The display of human remains is a controversial issue in many contemporary societies, with many museums globally removing them from display. However, their place in genocide memorials is also contested. Objections towards the display of remains are based strongly in the social sciences and humanities, predicated on assumptions made regarding the relationship between respect, identification and personhood. As remains are displayed scientifically and anonymously, it is often argued that the personhood of the remains is denied, thereby rendering the person ‘within’ the remains invisible. In this article I argue that the link between identification and personhood is, in some contexts, tenuous at best. Further, in the context of Cambodia, I suggest that such analyses ignore the ways that local communities and Cambodians choose to interact with human remains in their memorials. In such contexts, the display of the remains is central to restoring their personhood and dignity.
Destruction and human remains investigates a crucial question frequently neglected from academic debate in the fields of mass violence and Genocide Studies: what is done to the bodies of the victims after they are killed? Indeed, in the context of mass violence and genocide, death does not constitute the end of the executors' work. Following the abuses carried out by the latter, their victims' remains are treated and manipulated in very particular ways, amounting in some cases to social engineering. The book explores this phase of destruction, whether by disposal, concealment or complete annihilation of the body, across a range of extreme situations to display the intentions and socio-political framework of governments, perpetrators and bystanders. The book will be split into three sections; 1) Who were the perpetrators and why were they chosen? It will be explored whether a division of labour created social hierarchies or criminal careers, or whether in some cases this division existed at all. 2) How did the perpetrators kill and dispose of the bodies? What techniques and technologies were employed, and how does this differ between contrasting and evolving circumstances? 3) Why did the perpetrators implement such methods and what does this say about their motivations and ideologies? The book will focus in particular on the twentieth century, displaying innovative and interdisciplinary approaches and dealing with case studies from different geographical areas across the globe. The focus will be placed on a re-evaluation of the motivations, the ideological frameworks and the technical processes displayed in the destruction of bodies.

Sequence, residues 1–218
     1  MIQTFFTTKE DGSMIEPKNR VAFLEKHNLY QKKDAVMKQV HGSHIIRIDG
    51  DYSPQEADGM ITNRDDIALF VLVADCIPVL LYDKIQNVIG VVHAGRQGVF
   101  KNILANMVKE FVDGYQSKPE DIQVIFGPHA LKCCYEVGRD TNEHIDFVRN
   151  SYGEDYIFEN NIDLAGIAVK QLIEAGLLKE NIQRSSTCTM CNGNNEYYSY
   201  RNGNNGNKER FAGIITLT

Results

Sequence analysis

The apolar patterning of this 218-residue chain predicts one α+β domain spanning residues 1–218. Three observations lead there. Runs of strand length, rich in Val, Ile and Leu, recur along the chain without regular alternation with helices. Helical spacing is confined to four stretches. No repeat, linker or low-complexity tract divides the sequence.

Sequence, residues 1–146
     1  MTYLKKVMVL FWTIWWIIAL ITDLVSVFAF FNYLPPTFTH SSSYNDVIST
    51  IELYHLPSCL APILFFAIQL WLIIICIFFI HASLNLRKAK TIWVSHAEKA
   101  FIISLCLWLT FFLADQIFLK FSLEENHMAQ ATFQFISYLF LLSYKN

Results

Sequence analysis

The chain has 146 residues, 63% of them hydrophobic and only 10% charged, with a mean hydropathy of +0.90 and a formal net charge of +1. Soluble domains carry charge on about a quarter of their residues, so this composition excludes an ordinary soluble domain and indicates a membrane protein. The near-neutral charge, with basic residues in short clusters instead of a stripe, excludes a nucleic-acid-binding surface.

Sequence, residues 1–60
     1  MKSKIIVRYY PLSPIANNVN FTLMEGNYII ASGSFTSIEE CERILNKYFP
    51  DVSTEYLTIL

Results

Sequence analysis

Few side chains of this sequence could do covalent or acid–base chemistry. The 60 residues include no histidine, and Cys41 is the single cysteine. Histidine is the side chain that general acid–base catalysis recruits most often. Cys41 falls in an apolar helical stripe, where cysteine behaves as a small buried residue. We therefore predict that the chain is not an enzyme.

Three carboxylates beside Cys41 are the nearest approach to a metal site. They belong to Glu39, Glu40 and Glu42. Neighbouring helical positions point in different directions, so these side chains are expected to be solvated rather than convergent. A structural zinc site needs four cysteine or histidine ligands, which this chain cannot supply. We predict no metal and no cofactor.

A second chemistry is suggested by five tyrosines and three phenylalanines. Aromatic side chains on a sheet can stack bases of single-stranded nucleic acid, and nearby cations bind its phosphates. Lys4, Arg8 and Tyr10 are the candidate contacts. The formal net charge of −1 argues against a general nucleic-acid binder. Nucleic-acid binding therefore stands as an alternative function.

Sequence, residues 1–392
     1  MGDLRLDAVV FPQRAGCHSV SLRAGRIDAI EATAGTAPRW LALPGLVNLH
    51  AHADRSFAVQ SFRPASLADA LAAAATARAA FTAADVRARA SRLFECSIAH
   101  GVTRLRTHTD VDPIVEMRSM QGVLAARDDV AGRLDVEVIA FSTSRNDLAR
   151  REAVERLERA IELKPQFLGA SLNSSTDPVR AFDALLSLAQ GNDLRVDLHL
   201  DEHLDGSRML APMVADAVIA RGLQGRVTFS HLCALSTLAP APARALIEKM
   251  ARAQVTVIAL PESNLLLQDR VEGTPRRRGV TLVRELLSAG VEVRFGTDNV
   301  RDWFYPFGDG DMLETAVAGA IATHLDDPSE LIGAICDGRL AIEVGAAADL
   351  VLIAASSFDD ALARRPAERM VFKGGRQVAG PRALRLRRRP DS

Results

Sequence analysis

Transnational dynamics in post-genocidal restitutions
Taking its starting point from a socio-anthropological study combining
biographical interviews, semi-structured interviews and ethnographic
observations collected between 2016 and 2018 in Germany, France and the United
States among Ovaherero and Nama activists, and also members of different
institutions and associations, this article focuses on the question of human
remains in the current struggle for recognition and reparation of the genocide
of the Ovaherero and Nama from a transnational perspective. First, the text
shows the ways in which the memory of human remains can be considered as a
driving force in the struggle of the affected communities. Second, it outlines
the main points of mismatches of perspective between descendants of the
survivors and the responsible museums during past restitutions of human remains
from German anthropological collections. Third, the article more closely
examines the resources of Ovaherero in the United States in the struggle for
recognition and reparation, the recent discovery of Namibian human remains in
the American Museum of Natural History in New York City and the questions that
This edited transcript of conversations between an Apache cultural heritage
professional, Vernelda Grant, and researcher Bridget Conley explores the
knowledge that should guide the repatriation of human remains in the colonial
context of repatriating Apache sacred, cultural and patrimonial items –
including human remains – from museum collections in the United States.
Grant provides a historical overview of the how Apache elders first grappled
with this problem, following the passage of the Native American Graves
Protection and Repatriation Act (1990) in the US Congress. She explains how and
why community leaders made decisions about what items they would prioritise for
repatriation. Central to her discussion is an Apache knowledge ecology grounded
in recognition that the meaning of discrete items cannot be divorced from the
larger religious and cultural context from which they come.
Colonialism, grave robbery and intellectual history
In 1885, the Berlin pathologist Rudolf Virchow presented three human skeletons
from the colony of German South West Africa to the Berlin Society for
Anthropology, Ethnology and Prehistory. The remains had been looted from a grave
by a young German scientist, Waldemar Belck, who was a member of the second